I am going to be applying the sheet metal functionality along with the mirror feature to create a cardboard castle for my niece’s American Girl doll. I want to design the castle out of cardboard so that I can build it with her out of old boxes. Many people forget that SOLIDWORKS sheet metal functionality is not explicitly for sheet metal. It can be applied to any model which is thin walled, has “bends” at the corners, and can be flattened. I did a little research and found that a standard shipping box uses a single walled board with a C-Flute thickness of approximately 4 mm. Cardboard will not stretch in the corners where it is bent so the neutral plane will be the same length in the bent state as the flat state. I will use a K-Factor of 0.5 for the bend allowance to capture this behavior.
Mirror a Feature
There are several sheet metal features which can be mirrored, including the Edge Flange, Miter Flange, Hem, Base Flange/Tab, and Closed Corner features. When mirroring a feature there are a couple things to keep in mind.
The first will be the mirroring face/plane. When mirroring a feature, the plane/face must be centered between the faces of the base/boss. Clever placement of your origin will allow you to use the default planes for this. If a default plane is not available, creating a plane using the “mid plane” option is quick and easy.
The second will be to consider the sheet metal parameters. The mirror function will need to use the same exact conditions. If the geometry of the new location does not allow this, the mirror will fail.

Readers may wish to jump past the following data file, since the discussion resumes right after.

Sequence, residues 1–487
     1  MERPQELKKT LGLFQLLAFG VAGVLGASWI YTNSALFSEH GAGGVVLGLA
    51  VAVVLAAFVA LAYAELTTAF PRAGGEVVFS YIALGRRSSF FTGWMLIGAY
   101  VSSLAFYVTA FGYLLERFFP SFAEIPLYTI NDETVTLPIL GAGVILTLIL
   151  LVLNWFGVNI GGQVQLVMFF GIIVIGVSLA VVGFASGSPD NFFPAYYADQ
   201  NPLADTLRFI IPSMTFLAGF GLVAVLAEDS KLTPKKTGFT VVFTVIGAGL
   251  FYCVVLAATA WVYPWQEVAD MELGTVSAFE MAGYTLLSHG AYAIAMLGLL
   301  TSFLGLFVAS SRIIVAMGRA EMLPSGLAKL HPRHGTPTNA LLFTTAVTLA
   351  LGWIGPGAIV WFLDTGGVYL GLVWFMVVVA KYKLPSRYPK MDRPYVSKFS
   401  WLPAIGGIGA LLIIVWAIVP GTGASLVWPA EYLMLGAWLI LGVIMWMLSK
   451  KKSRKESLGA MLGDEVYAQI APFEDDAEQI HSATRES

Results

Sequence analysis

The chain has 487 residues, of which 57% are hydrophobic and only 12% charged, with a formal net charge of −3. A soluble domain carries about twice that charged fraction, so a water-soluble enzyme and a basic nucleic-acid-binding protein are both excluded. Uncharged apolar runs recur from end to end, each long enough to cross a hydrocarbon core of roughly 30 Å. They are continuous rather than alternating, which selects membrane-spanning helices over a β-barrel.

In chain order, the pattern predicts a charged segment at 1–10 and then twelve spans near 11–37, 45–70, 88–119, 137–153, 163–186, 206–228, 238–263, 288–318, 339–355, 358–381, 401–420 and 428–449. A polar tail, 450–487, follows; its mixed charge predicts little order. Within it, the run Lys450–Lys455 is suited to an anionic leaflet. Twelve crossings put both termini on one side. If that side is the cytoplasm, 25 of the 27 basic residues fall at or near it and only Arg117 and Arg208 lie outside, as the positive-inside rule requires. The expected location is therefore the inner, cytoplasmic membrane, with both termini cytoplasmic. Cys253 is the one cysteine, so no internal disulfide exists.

In my cardboard castle design, I mirrored a feature to create the detailing along the top of the turret walls. Using the sheet metal tab feature, I made the detail along the top of one of the walls. I then mirrored the tab feature to create a matching detail on the opposite wall. I repeated the whole process for the detailing for the other pair of wall on my turret.
Mirror a Body
Sheet metal bodies can also be mirrored. If the body will be mirrored and merged, then the selected mirroring face/plane must be a face located on the body. This will result in a single sheet metal body. If the body will be mirrored but not merged, any plane/face can be used. This will result in multiple sheet metal bodies in the same part file, also known as a multibody design. The new body created from the mirror feature will be linked to the original body’s sheet metal feature.
In my cardboard castle design, I used the mirror body command in both ways. I used the mirror body with merge turned on when creating my front wall with the gate. I modeled half the wall, and then mirrored it to make the opposite side match. I used the mirror body with the merge option unchecked to create an opposite hand version of the turret. I couldn’t just copy and rotate the original because the door and windows needed to be on specific sides.
Mirror a Part
Sheet metal bodies can also be mirrored to create opposite hand versions and saved as separate files. To create a separate file, you will need to start by selecting the plane/face you wish to mirror across. Once the plane is selected, the option to “Mirror a Part” will become available under Insert on the Menu Bar. You will be shown a list of properties to include in the new files, which include a sheet metal option. You will also have an option to link the new file to the original.
My cardboard castle is now complete. Taking advantage of the sheet metal and mirror functionality in SOLIDWORKS offers me several advantages for this engineering project with my niece. I now have a flat pattern to work with, which we can get all the needed measurements from, or even print out patterns to trace on the cardboard. It will also be easy to make modifications, in case she thinks the princess’ tower needs to be taller, the turrets should have spiked walls, or a secret door needs to be added. My niece and I are now ready for a weekend of fun!